2007 Empire State Animal Protection Forum a Great Success
“Very inspiring and informative! Great workshops! Very proactive!” People really enjoyed all aspects of the fifth annual Forum held at the Best Western Inn and Conference in Poughkeepsie on November 2 and 3. The event was planned by representatives from key state and national organizations: NYSHA, the ASPCA, Chenango County SPCA, Humane Society at Lollypop Farm, The Humane Society of the United States, and the NYS Animal Control Association.
The Forum included a great blend of workshops, awards, prizes, vendors, and networking. All who attended said they learned a lot, made good contacts, and had a great time doing it.
Leading off the Forum on Friday afternoon, a panel of experts discussed animal cruelty and what can be done to address it by knowing what to look for and how to report it. Following the Q and A session, the attendees were invited to assemble for an informal evening networking session.
Beginning Saturday morning, attendees went to workshops that covered a variety of subjects of interest to individuals concerned about the well-being of animals. While many topics were of particular interest to animal shelter staffs, others addressed ways to improve the lives of animals using societal channels for change, such as humane education in schools, lobbying for stronger laws, and combating puppy mills.The speakers, who were selected because of their expertise in various fields, were not only dynamic presenters, but also responsive listeners who stayed after the sessions ended to address unique concerns of attendees.
While the workshops focused on education and action, the awards ceremony following the luncheon paid tribute to those who had performed extraordinary work on behalf of animals. Dora Schomberg, lobbyist for The HSUS, was honored for her decades of skilled work, extraordinary dedication, and unwavering perseverance that have resulted in protection for the lives of millions of animals through effective legislation.
Also honored were three state legislators who had worked to pass important animal legislation. Senator Frank Padavan served the cause of animal welfare on many occasions during his long career in the NYS Senate, resulting in the protection of countless animals. His most recent efforts resulted in a ban on the killing or stunning of fur-bearing animals by electrocution and mandating that correct identifying labels are put on clothing trimmed with fur or faux fur. Assemblywoman Deborah J. Glick introduced companion legislation in the Assembly to stop electrocution of fur-bearing animals, and Assemblywoman Linda B. Rosenthal introduced companion legislation in the Assembly to require correct labeling of fur trimmed items. As a result of the passage of these two bills, millions of wild animals are being spared untold and unnecessary suffering, and shoppers can now reject clothing items that incorporate real fur.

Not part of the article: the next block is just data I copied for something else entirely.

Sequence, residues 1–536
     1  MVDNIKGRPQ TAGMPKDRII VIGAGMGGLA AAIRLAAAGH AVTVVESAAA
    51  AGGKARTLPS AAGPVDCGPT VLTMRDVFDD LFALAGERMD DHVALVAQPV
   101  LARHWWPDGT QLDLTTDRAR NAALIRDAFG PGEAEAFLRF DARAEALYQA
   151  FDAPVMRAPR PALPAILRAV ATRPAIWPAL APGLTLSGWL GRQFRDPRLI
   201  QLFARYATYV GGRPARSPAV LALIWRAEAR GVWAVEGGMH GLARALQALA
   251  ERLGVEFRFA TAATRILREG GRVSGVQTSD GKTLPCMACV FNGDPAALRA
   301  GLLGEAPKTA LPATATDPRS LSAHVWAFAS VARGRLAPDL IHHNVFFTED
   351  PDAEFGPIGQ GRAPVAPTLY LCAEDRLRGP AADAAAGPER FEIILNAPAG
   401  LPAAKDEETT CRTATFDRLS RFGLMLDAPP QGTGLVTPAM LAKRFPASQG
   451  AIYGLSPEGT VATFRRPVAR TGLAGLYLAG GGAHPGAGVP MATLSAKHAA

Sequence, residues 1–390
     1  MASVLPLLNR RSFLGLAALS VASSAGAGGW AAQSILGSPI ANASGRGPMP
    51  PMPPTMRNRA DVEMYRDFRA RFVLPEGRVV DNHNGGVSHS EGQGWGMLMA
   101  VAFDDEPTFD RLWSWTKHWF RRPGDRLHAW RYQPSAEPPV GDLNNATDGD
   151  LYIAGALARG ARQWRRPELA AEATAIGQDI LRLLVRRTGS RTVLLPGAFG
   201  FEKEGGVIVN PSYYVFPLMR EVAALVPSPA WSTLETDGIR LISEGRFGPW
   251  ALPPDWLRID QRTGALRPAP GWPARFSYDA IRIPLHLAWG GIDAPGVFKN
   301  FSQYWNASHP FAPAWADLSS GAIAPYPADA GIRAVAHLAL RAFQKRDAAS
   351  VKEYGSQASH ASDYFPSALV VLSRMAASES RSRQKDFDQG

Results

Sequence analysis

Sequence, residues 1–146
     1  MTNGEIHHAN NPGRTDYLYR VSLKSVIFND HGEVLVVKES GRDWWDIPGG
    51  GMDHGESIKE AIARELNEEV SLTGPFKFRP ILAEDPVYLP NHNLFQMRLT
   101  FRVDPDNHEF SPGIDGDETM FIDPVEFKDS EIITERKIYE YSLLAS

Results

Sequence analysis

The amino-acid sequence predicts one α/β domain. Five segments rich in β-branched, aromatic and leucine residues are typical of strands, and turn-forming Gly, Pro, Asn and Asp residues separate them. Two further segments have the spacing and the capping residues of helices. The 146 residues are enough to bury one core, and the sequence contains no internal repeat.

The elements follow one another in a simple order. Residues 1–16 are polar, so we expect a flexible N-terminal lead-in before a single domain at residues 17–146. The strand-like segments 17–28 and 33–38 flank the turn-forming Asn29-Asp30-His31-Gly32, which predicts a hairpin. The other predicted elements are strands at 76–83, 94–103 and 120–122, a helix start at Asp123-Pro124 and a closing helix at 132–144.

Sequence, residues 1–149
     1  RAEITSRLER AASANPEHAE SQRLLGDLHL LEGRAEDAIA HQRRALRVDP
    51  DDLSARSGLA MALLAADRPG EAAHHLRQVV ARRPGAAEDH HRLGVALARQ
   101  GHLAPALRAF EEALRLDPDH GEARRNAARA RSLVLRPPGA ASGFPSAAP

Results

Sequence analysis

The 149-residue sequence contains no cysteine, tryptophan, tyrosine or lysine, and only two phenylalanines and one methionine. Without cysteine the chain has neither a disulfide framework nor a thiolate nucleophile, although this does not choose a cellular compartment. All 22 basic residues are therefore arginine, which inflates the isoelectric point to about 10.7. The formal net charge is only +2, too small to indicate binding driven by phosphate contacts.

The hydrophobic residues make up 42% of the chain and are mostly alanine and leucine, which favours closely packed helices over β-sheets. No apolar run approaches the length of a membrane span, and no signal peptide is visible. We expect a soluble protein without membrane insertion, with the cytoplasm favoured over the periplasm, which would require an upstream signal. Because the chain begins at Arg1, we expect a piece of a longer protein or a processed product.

“I remember twenty-five years ago when I went to court with an animal cruelty case, I was laughed at. No one took animal crimes seriously. But that no longer happens. People now want animal cruelty taken seriously, they want something done, and that change has come about because of all of you in this room and the work you have done over the years. You have made that difference. You should be very proud of yourselves.” Alfred Chapleau, Schenectady Co. Chief Assistant District Attorney
Laws have to be enforced to be effective. And those who arrest and prosecute those who break them also received awards.Rensselaer County District Attorney Patricia DeAngelis was honored for her vigorous work in prosecuting animal abusers and for her dedication to establishing an animal cruelty task force for her county. Alfred Chapleau, Schenectady County Chief Assistant District Attorney, was recognized for his tireless work in prosecuting animalabusers and for assisting NYSHA by teaching at our animal cruelty workshops across the state. NYS Police Investigator Omar Snow, stationed at the New Scotland Barracks, received tribute for his outstanding work on a very difficult case which resulted in the arrest and conviction of a notorious hoarder who is now serving a jail sentence.
Not forgotten were those who work hands-on with animals, compassionately soldiering on in assisting many animals or perhaps standing bravely to save the life of only one. Gail Mihocko of Project Cat in Accord was honored for her work with homeless cats — providing shelter, spaying and neutering, finding homes or humanely providing final relief for those who were sick and injured, sparing them an end suffering and alone. Carol Storch of Ithaca received an award for the courage she demonstrated when she risked her own safety to rescue a large turtle from a violent young man who was about to do the animal great harm.
After receiving their awards, the recipients each took a few moments to thank NYSHA and to share some thoughts and experiences. A most poignant comment was made by ADA Alfred Chapleau when he looked out at the audience and said, “I remember twenty-five years ago when I went to court with an animal cruelty case, I was laughed at. No one took animal crimes seriously. But that no longer happens. People now want animal cruelty taken seriously, they want something done, and that change has come about because of all of you in this room and the work you have done over the years. You have made that difference. You should be very proud of yourselves.” His remarks and those of the other award recipients both moved the audience and inspired them to continue the fight to help animals.
Energized by this year’s success, the organizing committee is already planning the 2008 Forum for the Rochester area. Watch this website for details. Please plan to join us for this wonderful event.
New York State Humane Association Humane Review, Vol.XXI, No.3, Winter 2007-2008.